Over the past couple of weeks, I’ve been designing a gadget to switch on a power amp when an audio signal is detected and to wait a few minutes to switch off the power amp when no signal is present on the input.
The audio signal comes straight from the sub bass output of an A/V amp and is therefore about -10dBV (approximately 310 mV) unbalanced. So apart from auto switch-on / switch-off, the circuit also amplifies the input signal to +4dBu (about 1.25 V) balanced so as to properly drive the power amp.
After testing a prototype for several months, this evening I ordered the PCB (the design of which is pictured above) for the final version.
SO WHAT'S THIS ACTUALLY USED FOR?
Well, the power amp in question, drives a sub-bass system on a home cinema. It's a big, professional amp and definitely wouldn't come with auto power-on / power-off which of course, the main (consumer) A/V amp does have and which 99.9% of consumer sub-bass units have built-in.
The idea is that when the home cinema system is switched on, the power amp comes on when it detects a signal. When the system is switched off, the power amp switches off a few minutes later... PERFECT!
I don't see the point of reinventing the wheel, especially if someone has already designed something really good that works. Hence, the switching circuitry of this gadget is based on a design by Rod Elliot of Elliot Sound Products (see project 38). Rod puts up some fantastic, in-depth explanation into how the circuit works and how it can be tweaked to your specific requirements.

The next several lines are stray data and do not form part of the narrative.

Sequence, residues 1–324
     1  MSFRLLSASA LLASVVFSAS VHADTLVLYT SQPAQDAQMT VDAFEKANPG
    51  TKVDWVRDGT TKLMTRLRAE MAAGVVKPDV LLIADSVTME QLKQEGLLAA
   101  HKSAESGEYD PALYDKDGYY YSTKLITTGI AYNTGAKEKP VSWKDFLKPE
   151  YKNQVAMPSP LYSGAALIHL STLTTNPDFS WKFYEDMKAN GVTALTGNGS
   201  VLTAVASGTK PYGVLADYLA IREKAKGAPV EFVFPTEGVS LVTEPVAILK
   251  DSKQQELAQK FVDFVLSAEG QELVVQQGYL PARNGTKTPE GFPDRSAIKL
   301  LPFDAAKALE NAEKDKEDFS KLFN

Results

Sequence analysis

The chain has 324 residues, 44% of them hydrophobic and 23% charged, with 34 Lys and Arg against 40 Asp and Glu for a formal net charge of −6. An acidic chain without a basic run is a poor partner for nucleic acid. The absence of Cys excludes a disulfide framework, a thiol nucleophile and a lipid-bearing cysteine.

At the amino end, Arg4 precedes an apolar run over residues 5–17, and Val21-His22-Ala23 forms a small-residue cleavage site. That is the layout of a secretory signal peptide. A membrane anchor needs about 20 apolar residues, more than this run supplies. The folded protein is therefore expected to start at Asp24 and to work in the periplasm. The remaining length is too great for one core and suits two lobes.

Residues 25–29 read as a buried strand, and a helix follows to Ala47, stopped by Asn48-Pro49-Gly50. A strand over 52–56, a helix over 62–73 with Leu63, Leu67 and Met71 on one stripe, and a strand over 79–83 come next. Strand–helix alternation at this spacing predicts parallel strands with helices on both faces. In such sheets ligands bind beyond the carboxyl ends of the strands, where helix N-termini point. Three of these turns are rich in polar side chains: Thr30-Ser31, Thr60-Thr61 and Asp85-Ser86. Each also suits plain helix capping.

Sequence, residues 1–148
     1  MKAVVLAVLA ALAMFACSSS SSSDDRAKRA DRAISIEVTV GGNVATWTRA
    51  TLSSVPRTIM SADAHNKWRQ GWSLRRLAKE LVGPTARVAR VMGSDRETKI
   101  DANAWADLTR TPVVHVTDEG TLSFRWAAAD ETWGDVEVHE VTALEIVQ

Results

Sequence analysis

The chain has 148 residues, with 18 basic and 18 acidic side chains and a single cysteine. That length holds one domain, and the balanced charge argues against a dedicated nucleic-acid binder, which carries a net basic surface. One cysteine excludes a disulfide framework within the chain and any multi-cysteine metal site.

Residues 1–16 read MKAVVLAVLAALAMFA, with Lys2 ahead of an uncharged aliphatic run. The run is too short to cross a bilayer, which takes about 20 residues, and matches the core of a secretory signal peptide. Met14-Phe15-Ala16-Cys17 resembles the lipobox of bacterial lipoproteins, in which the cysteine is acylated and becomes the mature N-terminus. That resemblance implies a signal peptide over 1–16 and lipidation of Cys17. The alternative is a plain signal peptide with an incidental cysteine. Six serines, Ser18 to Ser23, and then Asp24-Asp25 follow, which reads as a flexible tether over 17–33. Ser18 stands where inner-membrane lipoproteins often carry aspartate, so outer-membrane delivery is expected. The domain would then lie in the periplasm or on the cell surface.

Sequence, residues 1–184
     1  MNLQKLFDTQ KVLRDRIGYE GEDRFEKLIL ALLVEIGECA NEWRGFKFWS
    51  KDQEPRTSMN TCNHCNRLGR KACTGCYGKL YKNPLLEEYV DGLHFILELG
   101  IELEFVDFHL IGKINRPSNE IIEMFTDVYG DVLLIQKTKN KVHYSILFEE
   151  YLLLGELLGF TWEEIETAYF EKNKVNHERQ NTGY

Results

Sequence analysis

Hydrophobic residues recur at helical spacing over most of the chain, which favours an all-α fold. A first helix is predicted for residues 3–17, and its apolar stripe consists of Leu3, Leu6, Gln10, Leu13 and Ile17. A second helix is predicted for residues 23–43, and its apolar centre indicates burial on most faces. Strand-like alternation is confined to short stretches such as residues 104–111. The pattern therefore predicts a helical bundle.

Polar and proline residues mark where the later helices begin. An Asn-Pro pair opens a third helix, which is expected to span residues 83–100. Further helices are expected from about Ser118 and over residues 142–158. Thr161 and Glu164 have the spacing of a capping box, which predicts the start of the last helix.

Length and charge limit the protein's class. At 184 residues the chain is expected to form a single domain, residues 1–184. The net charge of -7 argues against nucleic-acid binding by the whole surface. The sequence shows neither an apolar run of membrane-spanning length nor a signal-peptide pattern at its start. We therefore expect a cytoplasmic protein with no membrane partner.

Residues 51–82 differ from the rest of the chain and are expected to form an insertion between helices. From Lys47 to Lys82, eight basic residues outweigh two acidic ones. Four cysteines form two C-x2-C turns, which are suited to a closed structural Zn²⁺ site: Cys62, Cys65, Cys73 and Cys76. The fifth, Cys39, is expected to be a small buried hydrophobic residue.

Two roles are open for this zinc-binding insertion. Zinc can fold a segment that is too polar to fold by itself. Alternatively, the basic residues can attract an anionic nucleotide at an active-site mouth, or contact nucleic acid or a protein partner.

UPDATE - 18th February 2020
This morning, my PCBs arrived. I couldn't wait and quickly got down to populating one of them ready to test later in the afternoon.
Well, I'm pleased to report that all worked well. With a 1kHz sine wave, the sensitivity of the circuit is about 4.5mV and the delay to switch-off time is about ten minutes.
Unfortunately, the case I'll be using for this, is currently out of stock 'till 17th March, so it looks like this is going to sit on the shelf for a few weeks 🙁
UPDATE - 18th March 2020
Today I went over to RS Components in Watford to collect the enclosure that I'd planned to use for this project and the dimensions of which were part of the design of the PCB. Well, I couldn't believe what I was told; the boxes remain on back-order 'till, wait for it... 31st July. Seriously?!?!? I checked last night and there was no change in status. What the hell are you playing at?